The moderator’s apparent concern was that a third-party run by a candidate such as Trump would bring about a scenario similar to the double runs of Ross Perot as a third-party spoiler, who to Bill Clinton’s benefit was able to syphon off enough votes from Republican nominees to insure electoral victories for the Democrats.

Trump, who raised his hand and frankly acknowledged that he would not commit to a GOP candidate other than himself, explained his position in deal-making terms. He indicated that his objective was to retain leverage within the party.

In an example of what has become a routine assertion of power by ruling class elites against those who adhere to conservative principles, the Republican Party, mainstream media, and intelligentsia proceeded to implement a multi-pronged strategy in an effort to obtain Trump’s signature on a no third party pledge.

There was even an attempt to create a regulatory scenario in which only those candidates who dutifully signed the pledge would be allowed to qualify to be on the ballot in various states.

This eventually led to the highly covered media event in which Trump acquiesced to the no third party stipulation, and he signed a document agreeing to support the party's ultimate nominee and promising not to run on a third-party ticket.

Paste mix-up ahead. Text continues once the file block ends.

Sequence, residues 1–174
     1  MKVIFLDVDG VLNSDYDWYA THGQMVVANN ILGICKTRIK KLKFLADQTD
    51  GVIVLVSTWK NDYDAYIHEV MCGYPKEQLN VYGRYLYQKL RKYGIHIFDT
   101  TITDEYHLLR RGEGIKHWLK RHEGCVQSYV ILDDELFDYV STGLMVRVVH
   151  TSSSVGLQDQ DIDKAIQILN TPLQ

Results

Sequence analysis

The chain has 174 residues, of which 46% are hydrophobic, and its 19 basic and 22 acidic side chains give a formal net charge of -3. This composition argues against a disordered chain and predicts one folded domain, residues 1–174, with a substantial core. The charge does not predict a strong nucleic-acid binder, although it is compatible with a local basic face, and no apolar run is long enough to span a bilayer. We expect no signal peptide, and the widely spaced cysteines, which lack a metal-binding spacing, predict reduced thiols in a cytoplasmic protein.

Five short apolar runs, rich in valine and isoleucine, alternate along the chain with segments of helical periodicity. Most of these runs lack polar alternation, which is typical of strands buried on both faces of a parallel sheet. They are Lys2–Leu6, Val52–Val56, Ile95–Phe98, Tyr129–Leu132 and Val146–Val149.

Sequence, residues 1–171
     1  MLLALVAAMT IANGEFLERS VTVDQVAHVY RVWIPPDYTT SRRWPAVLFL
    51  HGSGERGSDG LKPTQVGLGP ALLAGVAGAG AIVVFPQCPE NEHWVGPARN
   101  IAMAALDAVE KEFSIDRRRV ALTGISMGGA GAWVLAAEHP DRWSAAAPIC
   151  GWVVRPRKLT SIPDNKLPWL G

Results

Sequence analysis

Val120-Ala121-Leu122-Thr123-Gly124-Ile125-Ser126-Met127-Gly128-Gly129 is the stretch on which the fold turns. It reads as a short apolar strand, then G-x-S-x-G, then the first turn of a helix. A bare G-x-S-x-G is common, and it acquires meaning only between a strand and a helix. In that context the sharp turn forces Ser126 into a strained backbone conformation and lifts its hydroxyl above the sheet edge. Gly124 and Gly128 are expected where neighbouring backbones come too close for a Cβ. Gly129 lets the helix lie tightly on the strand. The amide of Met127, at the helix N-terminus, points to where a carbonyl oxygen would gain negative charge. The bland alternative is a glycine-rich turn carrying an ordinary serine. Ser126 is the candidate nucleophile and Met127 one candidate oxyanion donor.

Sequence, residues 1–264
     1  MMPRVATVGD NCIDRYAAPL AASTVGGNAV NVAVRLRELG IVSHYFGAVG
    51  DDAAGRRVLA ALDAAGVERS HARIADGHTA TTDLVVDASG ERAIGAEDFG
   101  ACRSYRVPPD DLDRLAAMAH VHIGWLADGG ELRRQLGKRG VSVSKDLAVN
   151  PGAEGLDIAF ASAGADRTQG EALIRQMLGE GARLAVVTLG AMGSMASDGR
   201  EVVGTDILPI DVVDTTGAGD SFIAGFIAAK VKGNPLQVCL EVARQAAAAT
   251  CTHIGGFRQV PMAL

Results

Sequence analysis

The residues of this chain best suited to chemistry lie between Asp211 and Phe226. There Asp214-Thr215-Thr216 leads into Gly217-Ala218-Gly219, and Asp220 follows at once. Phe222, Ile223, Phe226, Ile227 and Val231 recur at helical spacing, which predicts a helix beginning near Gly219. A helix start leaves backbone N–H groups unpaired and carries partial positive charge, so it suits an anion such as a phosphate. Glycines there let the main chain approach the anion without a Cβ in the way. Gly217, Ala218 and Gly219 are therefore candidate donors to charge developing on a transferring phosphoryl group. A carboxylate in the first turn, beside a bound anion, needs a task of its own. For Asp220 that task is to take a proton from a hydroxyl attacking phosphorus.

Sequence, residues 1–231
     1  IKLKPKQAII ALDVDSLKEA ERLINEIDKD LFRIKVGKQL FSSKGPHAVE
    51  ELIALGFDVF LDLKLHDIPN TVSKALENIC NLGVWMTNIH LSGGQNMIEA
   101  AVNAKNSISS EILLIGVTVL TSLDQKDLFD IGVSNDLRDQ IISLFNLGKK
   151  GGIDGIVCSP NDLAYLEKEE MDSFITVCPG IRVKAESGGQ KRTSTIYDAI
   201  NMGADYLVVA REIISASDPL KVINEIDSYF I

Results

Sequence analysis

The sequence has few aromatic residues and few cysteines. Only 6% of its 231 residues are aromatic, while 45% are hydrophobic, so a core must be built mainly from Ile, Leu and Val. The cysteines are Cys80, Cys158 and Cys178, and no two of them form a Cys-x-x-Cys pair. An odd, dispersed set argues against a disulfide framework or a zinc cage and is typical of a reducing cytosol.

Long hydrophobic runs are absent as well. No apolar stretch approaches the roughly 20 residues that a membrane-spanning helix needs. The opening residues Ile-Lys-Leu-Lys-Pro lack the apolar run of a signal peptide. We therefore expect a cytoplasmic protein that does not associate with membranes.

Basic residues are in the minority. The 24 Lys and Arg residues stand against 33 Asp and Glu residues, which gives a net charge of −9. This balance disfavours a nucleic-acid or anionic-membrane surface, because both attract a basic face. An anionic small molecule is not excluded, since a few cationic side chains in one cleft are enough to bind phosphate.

Now voices closely associated with the Republican establishment are advocating that the GOP should do precisely what Trump had to promise to forgo. Back in July, Weekly Standard Editor Bill Kristol incorrectly predicted that Trump's candidacy would be over after Trump made some remarks about Sen. John McCain. At the time, Kristol said, “He [Trump] jumped the shark yesterday. He's dead to me.”

Kristol recently told CNN that if Trump were successful in obtaining the Republican nomination, he would not support the Republican but would instead opt for a third-party candidate.

“I doubt I’d support Donald. I doubt I’d support the Democrat,” Kristol told CNNMoney via email. “I think I’d support getting someone good on the ballot as a third-party candidate.”